Hunt (Julian Wadham) is in an undisclosed war torn Eastern Europe country looking for a band of no nonsense mercenaries to help him find something. The motley group of ex servicemen he recruits are lead by former Royal Marine D.C. (Ray Stevenson) and the something he needs to find requires them to travel deep into the combat zone and infiltrate an old army bunker. The premise is simple as is the set-up; a group of mercs cut off, an old spooky dark Nazi bunker and monsters from the grave picking them off one by one. I'd kind of guessed all this, I kind of knew what was going to happen and it even all played out pretty much how I'd expected, but I hadn't prepared myself at all for just quite how dark, suspenseful and most importantly believable it would all be. Let me qualify a little. I'm not saying I genuinely believe reality-phased seventy year old dead Nazi soldiers could occupy some forgotten part of Europe, just that the manner in which director Steve Barker has gone about presenting the mission, the combat, the soldiers and their reaction to what is in effect quite the leap of faith is gritty, coherent and real.
At the bunker believing the site secure the soldiers begin their search, discovering remnants of its previous Nazi occupation, sinister signs of unethical experimentation and the rather macabre discovery of pile of corpses they believe is the result of a local ethnic cleanse. The first sign the group may be a little bit in over the head comes when they discover one of the bodies is still alive, albeit mute, shocked and uncooperative, Götz (Johnny Meres) and the second is when the perimeter is shot at by an unseen assailant.
The tension for the first half of the film as the group settle in and the scene is set, is borderline unbearable and Barker is a master at providing constant subtle suggestions and reminders that things are not quite as they seem. If anything when the gruesome, inhuman zombies dressed in full Nazi regalia did arrive it was almost a relief; they were here and I could stop worrying about what they would do when they did, as they were now doing it; if any of that makes sense.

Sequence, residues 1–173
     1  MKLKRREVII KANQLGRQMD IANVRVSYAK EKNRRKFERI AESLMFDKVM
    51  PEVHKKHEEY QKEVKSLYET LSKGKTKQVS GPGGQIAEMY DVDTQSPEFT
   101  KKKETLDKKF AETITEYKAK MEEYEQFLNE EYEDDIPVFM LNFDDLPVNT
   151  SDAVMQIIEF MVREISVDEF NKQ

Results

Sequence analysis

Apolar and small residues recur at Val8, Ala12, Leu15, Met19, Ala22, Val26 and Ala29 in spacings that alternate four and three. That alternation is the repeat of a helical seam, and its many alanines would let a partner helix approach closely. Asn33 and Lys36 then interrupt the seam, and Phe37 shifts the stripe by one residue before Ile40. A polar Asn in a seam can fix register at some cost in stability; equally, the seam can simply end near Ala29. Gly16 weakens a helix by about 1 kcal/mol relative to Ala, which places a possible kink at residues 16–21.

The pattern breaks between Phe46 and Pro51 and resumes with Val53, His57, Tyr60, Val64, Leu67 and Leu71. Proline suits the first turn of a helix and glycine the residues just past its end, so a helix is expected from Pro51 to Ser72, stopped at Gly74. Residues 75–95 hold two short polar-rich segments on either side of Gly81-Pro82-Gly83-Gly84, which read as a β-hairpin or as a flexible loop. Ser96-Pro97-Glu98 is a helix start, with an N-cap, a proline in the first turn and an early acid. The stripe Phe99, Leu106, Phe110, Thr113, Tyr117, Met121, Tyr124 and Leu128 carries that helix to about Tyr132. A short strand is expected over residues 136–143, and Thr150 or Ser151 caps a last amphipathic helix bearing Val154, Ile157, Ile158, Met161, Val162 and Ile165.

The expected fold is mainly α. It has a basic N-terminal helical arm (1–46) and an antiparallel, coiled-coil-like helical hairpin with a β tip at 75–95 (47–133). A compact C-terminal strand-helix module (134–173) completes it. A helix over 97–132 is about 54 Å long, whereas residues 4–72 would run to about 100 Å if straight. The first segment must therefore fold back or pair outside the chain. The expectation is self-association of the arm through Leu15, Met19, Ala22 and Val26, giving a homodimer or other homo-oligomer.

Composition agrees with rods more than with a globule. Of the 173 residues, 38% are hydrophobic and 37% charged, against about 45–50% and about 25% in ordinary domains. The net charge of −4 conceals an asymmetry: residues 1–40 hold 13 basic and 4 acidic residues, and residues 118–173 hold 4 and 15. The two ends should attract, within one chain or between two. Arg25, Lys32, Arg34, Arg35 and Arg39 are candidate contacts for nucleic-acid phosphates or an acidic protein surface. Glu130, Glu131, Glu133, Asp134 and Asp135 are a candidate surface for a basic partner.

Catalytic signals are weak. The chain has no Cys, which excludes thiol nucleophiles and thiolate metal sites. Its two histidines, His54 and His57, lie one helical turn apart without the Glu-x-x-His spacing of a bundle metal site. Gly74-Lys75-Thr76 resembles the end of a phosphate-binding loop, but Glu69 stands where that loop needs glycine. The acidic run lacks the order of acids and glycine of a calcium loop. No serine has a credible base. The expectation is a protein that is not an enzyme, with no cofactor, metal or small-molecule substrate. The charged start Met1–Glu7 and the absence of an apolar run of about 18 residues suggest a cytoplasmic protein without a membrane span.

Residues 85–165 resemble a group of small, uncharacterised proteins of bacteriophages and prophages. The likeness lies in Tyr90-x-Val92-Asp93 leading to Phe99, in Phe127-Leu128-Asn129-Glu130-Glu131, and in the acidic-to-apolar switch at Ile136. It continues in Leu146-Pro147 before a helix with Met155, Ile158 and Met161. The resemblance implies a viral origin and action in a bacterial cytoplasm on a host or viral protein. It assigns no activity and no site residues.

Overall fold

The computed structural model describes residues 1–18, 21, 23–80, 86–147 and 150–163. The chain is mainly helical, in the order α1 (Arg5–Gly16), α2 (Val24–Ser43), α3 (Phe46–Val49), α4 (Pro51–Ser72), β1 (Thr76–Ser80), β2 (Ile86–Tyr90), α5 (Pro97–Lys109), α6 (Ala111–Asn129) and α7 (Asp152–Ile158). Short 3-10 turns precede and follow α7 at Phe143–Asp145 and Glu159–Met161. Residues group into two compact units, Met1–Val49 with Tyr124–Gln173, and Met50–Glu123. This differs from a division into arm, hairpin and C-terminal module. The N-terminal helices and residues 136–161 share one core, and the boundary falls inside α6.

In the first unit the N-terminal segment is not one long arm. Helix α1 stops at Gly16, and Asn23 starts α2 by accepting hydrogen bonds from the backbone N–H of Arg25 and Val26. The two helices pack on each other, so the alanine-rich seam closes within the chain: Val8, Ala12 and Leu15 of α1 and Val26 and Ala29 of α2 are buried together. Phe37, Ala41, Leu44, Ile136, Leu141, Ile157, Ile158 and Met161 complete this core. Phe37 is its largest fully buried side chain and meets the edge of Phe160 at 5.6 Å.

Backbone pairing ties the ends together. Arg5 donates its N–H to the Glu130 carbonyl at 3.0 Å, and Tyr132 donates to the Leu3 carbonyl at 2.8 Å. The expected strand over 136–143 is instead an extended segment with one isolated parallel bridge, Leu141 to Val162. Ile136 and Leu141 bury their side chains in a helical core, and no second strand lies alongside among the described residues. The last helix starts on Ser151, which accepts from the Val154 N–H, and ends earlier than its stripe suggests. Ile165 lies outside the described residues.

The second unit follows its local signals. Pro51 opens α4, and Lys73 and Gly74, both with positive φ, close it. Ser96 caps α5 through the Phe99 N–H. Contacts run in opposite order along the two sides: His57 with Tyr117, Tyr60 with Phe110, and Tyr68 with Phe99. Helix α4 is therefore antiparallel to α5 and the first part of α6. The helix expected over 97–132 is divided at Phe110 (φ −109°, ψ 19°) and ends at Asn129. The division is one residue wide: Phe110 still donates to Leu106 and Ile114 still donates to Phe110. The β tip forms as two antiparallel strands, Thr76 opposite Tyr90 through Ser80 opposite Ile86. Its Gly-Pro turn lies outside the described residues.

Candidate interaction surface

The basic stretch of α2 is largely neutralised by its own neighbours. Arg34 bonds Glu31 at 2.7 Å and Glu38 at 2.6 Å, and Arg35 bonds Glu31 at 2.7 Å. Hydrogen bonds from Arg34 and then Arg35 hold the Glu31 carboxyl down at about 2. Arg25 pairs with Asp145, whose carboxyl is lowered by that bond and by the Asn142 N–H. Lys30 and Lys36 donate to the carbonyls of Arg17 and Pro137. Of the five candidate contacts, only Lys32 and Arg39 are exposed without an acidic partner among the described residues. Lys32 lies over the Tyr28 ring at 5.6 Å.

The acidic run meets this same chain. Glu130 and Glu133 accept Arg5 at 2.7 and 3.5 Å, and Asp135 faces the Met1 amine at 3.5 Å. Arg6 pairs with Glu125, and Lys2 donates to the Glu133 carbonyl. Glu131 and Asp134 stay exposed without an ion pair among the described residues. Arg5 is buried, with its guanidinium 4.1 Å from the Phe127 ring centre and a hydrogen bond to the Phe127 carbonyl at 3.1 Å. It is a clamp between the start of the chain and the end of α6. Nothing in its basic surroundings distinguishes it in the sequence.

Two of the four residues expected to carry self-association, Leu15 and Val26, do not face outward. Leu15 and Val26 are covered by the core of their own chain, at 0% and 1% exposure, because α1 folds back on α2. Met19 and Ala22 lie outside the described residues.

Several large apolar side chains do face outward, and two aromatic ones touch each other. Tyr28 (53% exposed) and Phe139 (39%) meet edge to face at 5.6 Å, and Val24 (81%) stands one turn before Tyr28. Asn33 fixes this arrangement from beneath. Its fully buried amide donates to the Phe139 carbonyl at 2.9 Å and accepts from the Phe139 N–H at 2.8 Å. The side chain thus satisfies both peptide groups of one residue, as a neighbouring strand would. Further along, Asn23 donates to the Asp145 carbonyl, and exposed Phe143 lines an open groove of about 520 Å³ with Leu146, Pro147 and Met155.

The something Hunt has been sent to secure by his unknown powerful backers is a unified field generator which the SS were experimenting with to create super soldiers. The idea was to unite both electromagnetic and gravity fields into a single unified one and expose soldiers to it so they would effectively be outside space-time, invulnerable and immortal. It's the Philadelphia experiment, except with people, not boats, vibration or light. Dead Nazis phasing into reality hell bent on sadistically dispatching anyone nearby to then suddenly pop out again is all a bit far fetched, but it's an incredibly effective horror mechanism. It's taking what is already a nightmarish concept; a reanimated corpse intent on killing and giving it yet another even more terrible trait. At least with a zombie you can shut the door, with these guys, you're never safe and really it's all a bit of a paradigm shift. Merely playing with idea that space-time, reality and life-death could be mutable and transient is scary, allowing monsters the ability abuse this knowledge is terrifying. Operating outside space-time these impermanent undead are also impervious to bullets and this includes shots to the head, as if everything we've already spoken about isn't already enough. Derrida spoke about zombies being disturbing because they blur the distinction between the living and the dead and a failure to bring order to the life-death binary opposition. The head-shot, the zombies Achilles heel still allowed the opposition to ultimately be satisfied; not only removing that but deliberately pushing the contradiction and inability to resolve this dichotomy, while introducing a whole host of new ones, is what ultimately makes Outpost such an unnerving and uncomfortable experience.
Metaphysical shenanigans aside, Outpost is still very much about the horror and pacing is key. Once the slow inhuman shufflers make their appearance the action, scares and blood become relentless. Soldiers die, heads are scratched, secrets are uncovered and desperation drives the dwindling characters to try and do anything to stay alive. Full of ever increasing intensity and brutality the character choice, broken 40-somethings' over younger muscle bound jar-heads shines as the disparate group comprehend and deal with the unremitting reality that they're probably all going to die. The characters are brilliantly realised with depth intelligently gleamed from dialogue, behaviour, accent or costume with Barker never taking the easy option with extended exposition that would spoil the pace and atmosphere. It's a very well put together film and quite the cinematic tour-de-force with an eerie subtle sound track that enhances the constant feeling of disquiet and dread.
A gritty, genuinely scary and relentless dark horror ride with great character acting, high octane military fire fights and some quite gruesome sadistic murders it's a powerful first rate claustrophobic horror. The narrative isn't without its faults and I did find aspects of the climax and the events leading up to it a little incongruous; mainly why a full frontal assault when they could just 'pop' where they liked and why such sadistic playing with the perceived enemy, but I can understand the decisions from a cinematic perspective and I didn't mind going along with it just to enjoy the ride. Easily the best zombie Nazi horror I've seen, which is really quite the odd thing to say; recommended, 7/10.